Learning urban transport lessons from Mangalore’s bus services…

Most cities  in India do not have inter-city bus services. And those that have, most of them are appalling making people increasingly rely on their own vehicle. There is always this clamor to adapt lessons from some western city leading to endless official tours. But most of the time these end as failures as population factor is missing. We have a much larger population here compared to most western places and even contests are different. Instead, we should first look around the country. On bus transport (and auto too), Mangalore surely provides some lessons to learn.

One just visited the city of Mangalore recently and was amazed to see the quality of bus transport in the city. Infact the entire district of Dakshina Kannada (which included Udupi till 1997) is really well connected with buses. They actually give everything else a run for money including autos.

Even more interesting is that most of these buses are run by private transport companies unlike most other cities of India where State runs the bus services. This is important as we there are different experiences with respect to private vs public bus services. Private buses are cleaner etc but prefer to fill passengers and that wastes time. Public ones are not bothered about filling seats (you see several AC buses running empty in Bangalore wasting huge resources) but they are mostly dirty and unkempt.

In Mangalore, you get best of both worlds – private buses which hardly waste anytime. There is a long history which goes behind all this. Apparently Canara Public Conveyance (Dakshina Cannada was called as South Canara earlier) was one of the first bus transport companies in India:

The first successful private bus system was started by Canara Public Conveyance Company in 1914 in Dakshina Kannada. It was popularly known as CPC Logistics, and in a few years, expanded to a fleet of buses covering South Kanara, North Kanara, Mercara and parts of Kerala. The first overnight bus journey was started by CPC to Bangalore in the 1960s.

They also started the first bus service between Mangalore and Mumbai (Bombay then).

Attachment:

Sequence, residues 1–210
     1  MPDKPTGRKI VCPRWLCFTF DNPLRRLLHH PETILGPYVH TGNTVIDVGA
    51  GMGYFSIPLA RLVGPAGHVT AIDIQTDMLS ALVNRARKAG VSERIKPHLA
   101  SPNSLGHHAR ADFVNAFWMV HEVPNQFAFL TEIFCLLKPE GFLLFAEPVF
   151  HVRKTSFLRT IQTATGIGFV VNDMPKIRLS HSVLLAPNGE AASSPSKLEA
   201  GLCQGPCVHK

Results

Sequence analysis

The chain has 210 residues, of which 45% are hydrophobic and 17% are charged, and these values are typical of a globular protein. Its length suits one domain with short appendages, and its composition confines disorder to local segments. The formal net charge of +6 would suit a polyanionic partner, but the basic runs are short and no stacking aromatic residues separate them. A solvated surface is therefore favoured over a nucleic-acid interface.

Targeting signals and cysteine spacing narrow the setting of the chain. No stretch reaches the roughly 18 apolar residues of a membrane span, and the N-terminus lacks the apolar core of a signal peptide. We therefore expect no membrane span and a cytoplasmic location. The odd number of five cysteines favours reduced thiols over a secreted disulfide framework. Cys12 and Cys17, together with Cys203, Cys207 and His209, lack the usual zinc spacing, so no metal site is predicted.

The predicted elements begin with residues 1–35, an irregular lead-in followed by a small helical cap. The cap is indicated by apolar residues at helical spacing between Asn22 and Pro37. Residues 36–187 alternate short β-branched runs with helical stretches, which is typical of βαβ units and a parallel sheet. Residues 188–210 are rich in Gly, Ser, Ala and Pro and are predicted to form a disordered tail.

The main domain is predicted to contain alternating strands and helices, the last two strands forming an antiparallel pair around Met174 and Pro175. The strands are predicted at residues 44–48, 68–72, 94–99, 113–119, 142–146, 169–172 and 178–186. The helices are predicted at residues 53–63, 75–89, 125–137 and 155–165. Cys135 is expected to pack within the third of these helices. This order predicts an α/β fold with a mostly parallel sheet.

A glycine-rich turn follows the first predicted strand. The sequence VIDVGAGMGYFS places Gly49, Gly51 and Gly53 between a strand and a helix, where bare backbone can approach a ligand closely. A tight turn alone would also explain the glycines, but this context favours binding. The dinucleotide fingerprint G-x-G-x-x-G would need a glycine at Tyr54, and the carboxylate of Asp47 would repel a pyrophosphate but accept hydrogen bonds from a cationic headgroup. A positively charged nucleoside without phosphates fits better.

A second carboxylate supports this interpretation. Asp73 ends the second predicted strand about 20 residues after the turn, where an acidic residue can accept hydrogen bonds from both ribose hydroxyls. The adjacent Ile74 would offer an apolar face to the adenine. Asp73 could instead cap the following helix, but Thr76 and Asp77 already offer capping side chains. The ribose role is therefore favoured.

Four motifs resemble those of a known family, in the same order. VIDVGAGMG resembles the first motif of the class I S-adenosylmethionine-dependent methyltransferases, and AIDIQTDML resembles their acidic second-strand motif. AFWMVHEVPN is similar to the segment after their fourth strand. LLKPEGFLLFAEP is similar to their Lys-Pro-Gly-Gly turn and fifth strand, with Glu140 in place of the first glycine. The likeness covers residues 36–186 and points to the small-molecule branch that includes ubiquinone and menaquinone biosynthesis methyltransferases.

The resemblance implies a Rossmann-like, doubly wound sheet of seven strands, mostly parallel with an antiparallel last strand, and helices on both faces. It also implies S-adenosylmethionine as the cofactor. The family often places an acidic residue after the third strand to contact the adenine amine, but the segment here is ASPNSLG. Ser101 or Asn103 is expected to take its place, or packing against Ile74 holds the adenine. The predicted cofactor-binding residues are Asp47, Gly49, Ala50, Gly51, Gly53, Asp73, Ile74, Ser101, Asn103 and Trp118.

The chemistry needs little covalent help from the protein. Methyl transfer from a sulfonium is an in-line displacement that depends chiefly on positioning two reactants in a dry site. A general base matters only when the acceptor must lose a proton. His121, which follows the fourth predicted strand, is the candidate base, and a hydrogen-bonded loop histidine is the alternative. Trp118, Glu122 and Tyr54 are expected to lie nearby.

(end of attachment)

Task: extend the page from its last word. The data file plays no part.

The bus services also came up as roads started developing in the region. Due to difficult geography and region being mostly ignored by British, railways did not develop in the region. The first railway line came in the region in 1907 which connected Mangalore to Calicut. The region also has number of rivers and streams flowing making it difficult to connect rails without bridges which added further costs. Later railways did not expand as they feared competition from private bus services!

As rail service was deficient, the region’s entrepreneurs took special interest in roads. One roads started developing, they looked to connect bus services wherever possible. The terrain was a challenge but this is what drives entrepreneurship as well. The region had potential for trade and transport was the key to if gains from trade were to be made. Infact, till road bridges were not developed, the bus and ferry combined to take passengers from one place to another! There is a very interesting account of all this evolution here.

Moving from history to today, it is amazing how the region’s bus service operators have managed to continue the legacy. Usually, we see all these services dwindle overtime but not here. Though, will not be surprised if citizens of the region tell me services have deteriorated (yes they are rash). But compared to other places, it is still very good.

There are some other things which need to be pointed as well:

  • Pricing of tickets is reasonable compared to most other places. They don’t even issue tickets saving paper.
  • The bus stations/stands are mostly clean which is big deal for an Indian commuter.
  • Last but not the least, is availability of small change with ticket issuers. This is such a relief really and one of its kind experience. In most places, either give the change or forget the change. But here there is always ready change available with the collector and just gives it to you without any fuss.

I was told by a friend that even in Kerala we have pretty much the same services. So, there is something about western coast and private bus transport services.

There is so much to figure in India. This whole issue of origins and evolution of city transport is so fascinating..

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